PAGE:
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Spriguns (Of Tolgus)

Prog Folk

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Spriguns (Of Tolgus) Time Will Pass album cover
3.34 | 14 ratings | 4 reviews | 29% 5 stars

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Studio Album, released in 1977

Songs / Tracks Listing

1. Dead Man's Eyes (3:46)
2. All Before (2:44)
3. For You (3:37)
4. Time Will Pass (2:28)
5. White Witch (3:04)
6. Blackwaterside (5:13)
7. You're Not There (2:51)
8. Devil's Night (2:52)
9. Letter To A Lady (5:11)

Total Time: 30:16

Line-up / Musicians

- Mandy Morton / lead vocals & acoustic guitar
- Wayne Morrison / lead guitar, acoustic guitars, mandolin & vocals
- Dick Powell / electric guitar, keyboards & vocals
- Mike Morton / bass & vocals
- Dennis Dunstan / drums & percussion
- Robert Kirby / orchestral arrangements (2, 5 & 9)
- Lea Nicholson / concertina
- Tom Ling / electric violin

Releases information

LP Decca SKL 5286 (1977)
LP Universal Japan (1977)
CD BRC-29203 (japanese edition)

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SPRIGUNS (OF TOLGUS) Time Will Pass ratings distribution

(14 ratings)
Essential: a masterpiece of progressive rock music(29%)
Excellent addition to any prog rock music collection(29%)
Good, but non-essential (43%)
Collectors/fans only (0%)
Poor. Only for completionists (0%)

SPRIGUNS (OF TOLGUS) Time Will Pass reviews

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Collaborators/Experts Reviews

Review by Heptade
4 stars Spriguns was a folk rock group that participated in the tail end of the limited popularity of English electric folk. Fairport and Steeleye Span had cornered the market, and the genre wasn't doing all that well as a whole (more's the pity). Nonetheless, Spriguns managed to make a couple of very nice records for Decca in the mid to late seventies. The band was lead by vocalist Mandy Morton, who possessed some pretty, Sandy Denny-esque dulcet tones.

This is their second record after dropping the "of Tolgus" from their name. Earlier the band had concentrated on traditional material mainly, but this album finds Morton stretching out as a songwriter. All of the tunes have traditional-style melodies, but the lyrics are usually more sparse. Morton had a penchant for dark tales of witchcraft and war, with the occasional love song thrown in. The band's sound was quite close to that of "All Around My Hat" Steeleye Span at the time, with some big guitar riffs creeping in, as well as some ripping electric violin, but with an overall dark, morose feel. Orchestral arrangements on a couple of tunes were provided by Robert Kirby (N. Drake's arranger). Kirby had joined the Strawbs at this time, and there is a great deal of crossover appeal to Strawbs fans here, since there are also a lot of good atmospheric keyboard (mostly string synth) parts as well.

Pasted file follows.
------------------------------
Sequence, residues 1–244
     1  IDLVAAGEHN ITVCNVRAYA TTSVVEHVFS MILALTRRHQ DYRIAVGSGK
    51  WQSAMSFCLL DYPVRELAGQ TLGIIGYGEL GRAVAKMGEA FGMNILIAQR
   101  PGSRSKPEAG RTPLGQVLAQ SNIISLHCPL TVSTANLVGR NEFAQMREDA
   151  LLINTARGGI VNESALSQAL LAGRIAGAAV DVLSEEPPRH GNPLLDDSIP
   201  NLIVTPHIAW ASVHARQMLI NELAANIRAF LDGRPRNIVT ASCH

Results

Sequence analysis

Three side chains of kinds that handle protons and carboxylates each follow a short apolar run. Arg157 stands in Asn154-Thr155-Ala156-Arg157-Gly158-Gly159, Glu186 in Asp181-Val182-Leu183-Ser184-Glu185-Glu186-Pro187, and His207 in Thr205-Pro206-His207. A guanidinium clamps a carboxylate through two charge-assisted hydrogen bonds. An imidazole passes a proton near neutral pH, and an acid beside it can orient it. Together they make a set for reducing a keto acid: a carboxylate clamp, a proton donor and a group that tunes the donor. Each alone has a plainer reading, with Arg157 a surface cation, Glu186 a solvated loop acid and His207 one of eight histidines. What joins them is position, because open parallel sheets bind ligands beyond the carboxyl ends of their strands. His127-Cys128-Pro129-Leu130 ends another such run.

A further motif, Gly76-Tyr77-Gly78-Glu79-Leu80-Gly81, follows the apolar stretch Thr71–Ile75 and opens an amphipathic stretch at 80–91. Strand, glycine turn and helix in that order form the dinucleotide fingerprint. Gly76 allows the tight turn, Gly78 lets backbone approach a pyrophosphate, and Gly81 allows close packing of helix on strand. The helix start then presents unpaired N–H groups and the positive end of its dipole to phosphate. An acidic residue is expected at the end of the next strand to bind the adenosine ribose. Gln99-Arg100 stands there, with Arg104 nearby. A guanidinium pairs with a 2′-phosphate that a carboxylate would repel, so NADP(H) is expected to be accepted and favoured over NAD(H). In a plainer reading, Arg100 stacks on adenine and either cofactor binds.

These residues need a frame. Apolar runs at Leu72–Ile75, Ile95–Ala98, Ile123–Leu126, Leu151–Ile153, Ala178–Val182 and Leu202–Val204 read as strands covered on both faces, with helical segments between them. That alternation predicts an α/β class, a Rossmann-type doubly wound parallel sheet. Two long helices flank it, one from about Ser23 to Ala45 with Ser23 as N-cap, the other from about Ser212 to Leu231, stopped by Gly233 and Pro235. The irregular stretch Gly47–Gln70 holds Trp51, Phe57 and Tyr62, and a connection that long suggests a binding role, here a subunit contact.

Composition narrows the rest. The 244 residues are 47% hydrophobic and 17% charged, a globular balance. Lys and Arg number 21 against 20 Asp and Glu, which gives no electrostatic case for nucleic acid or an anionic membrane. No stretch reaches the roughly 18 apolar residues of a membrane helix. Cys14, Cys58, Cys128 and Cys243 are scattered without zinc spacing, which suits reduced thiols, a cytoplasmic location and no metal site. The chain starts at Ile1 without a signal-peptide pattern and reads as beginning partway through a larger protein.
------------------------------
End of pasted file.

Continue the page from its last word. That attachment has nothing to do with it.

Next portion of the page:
Despite a bit of saminess in the vocal melodies, I was pleasantly surprised by this record, which I would heartily recommend to fans of Steeleye Span, Strawbs, Renaissance, Illusion and maybe even Gryphon as well.

Review by ClemofNazareth
3 stars This album strikes me as a last, somewhat desperate attempt at a successful release by Mandy Morton and her late ex-husband. Most of the musicians were hired for the studio work with the exception of violinist Tom Ling and Dick Powell who had been with Morton for a while and had toured with the band.

Spriguns suffered from several maladies in their day, ranging from Ms. Morton’s reported miserly financial management to a lack of persistence in the ‘band’ membership. But their biggest problem was one of timing: folk music with mild progressive leanings and vaguely commercial aspirations described a pretty small and niche market in the mid and late seventies. Morton appears to have made a tolerable living touring regionally around Britain and parts of Europe, and she likely made a few dollars off the albums, but Spriguns was never destined to be a big name in folk music. I think a couple of her former band members ended up in the eighties Canadian pop band Katrina & the Waves, so you pretty much get the idea (“…I’m walking on sunshine...”).

The music is pretty decent, with the obligatory comparison to Sandy Denny being a somewhat valid one in the case of Ms. Morton. Morton wrote all the music for this album, as well as the lyrics for all but the traditional tune “Blackwaterside”. She had a tendency toward rather dark moods in her writing, and this album seems to be the darkest of all the band released, although certainly not morose by any stretch; maybe mysterious is a better word.